SPOKANE, Wash. – The Gonzaga University Institute for Hate Studies will host the Second International Conference on Hate Studies Wednesday through Saturday (April 6-9) in Spokane. The purpose of the conference is “to foster better understanding of the nature of hatred, develop more effective models and approaches for combating it, and consider the implications for practice across many fields,” said Institute Director John Shuford. “A key goal for us is to shape an academic curriculum on hate studies.”
Gonzaga already offers courses in this area, and a hate studies academic degree program would be the world’s first.
Judging from the conference program, which includes more than 70 confirmed speakers from nearly two-dozen countries, much of the world also believes the time has come for a hate studies curriculum.
The conference will feature leading academics from some of world’s top-ranked universities, a Nobel Peace Prize nominee, a representative of the U.S. State Department, international experts on hate crimes, as well as journalists, law enforcement personnel, educators, human rights experts, representatives of nongovernmental organizations, community leaders, clergy, and others.
Dr. Izzeldin Abuelaish, the Nobel Peace Prize-nominated author of “I Shall Not Hate: A Gaza Doctor’s Journey on the Road to Peace and Human Dignity,” will be the conference’s keynote speaker. The highly respected Palestinian physician has become an influential international voice on issues of peace and development in the Middle East. Abuelaish lost three daughters in January 2009 when Israeli tanks twice shelled his home. Yet, remarkably, his message of nonviolence and hope for peace between Israelis and Palestinians endures.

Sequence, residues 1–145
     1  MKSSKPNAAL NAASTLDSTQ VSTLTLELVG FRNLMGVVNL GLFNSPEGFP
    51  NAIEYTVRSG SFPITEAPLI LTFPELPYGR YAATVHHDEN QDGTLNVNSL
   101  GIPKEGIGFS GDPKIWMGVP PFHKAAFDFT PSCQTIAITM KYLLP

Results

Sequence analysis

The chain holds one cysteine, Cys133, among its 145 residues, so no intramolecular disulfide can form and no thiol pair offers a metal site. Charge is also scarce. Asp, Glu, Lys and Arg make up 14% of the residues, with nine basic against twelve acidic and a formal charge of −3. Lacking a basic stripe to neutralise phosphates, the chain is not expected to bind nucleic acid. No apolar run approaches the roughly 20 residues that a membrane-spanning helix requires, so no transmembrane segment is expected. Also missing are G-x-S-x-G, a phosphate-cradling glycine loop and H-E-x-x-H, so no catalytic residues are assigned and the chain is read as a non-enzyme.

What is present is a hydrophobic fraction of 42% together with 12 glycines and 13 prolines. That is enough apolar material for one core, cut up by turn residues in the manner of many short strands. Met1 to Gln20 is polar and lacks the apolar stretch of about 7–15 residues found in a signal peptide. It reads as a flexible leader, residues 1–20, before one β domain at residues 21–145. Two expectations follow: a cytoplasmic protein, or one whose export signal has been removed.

Another conference highlight will be a session titled, “Combating Hatred: Community Impacts & Best Practices,” which will engage international hate crimes experts Barbara Perry and Michael Whine and King County, Wash. Superior Court Judge Steven Gonzales.
Efforts of the Institute and its Journal of Hate Studies have been hailed by politically and ideologically diverse organizations, and in academic and professional circles, as contributing to advancements in the study of hatred and effective responses to this fundamental area of human concern. In January 2009, the incoming Obama Administration received policy recommendations to “encourage the growth of, and find ways to engage with, the movement to create an academic field of ‘hate studies,’ which seeks to provide testable theories about how individuals, groups, institutions and governments can more effectively understand and combat hatred of all types.”
“In the case of so many other human concerns, we have already recognized the value of bringing together the complexity, wisdom, and tools of multiple disciplines,” Shuford said. “Given the kinds of problems we’re talking about, and what is at stake, it’s time to bring together our best thinking, practices, and questions on tackling hate in the name of promoting peace.”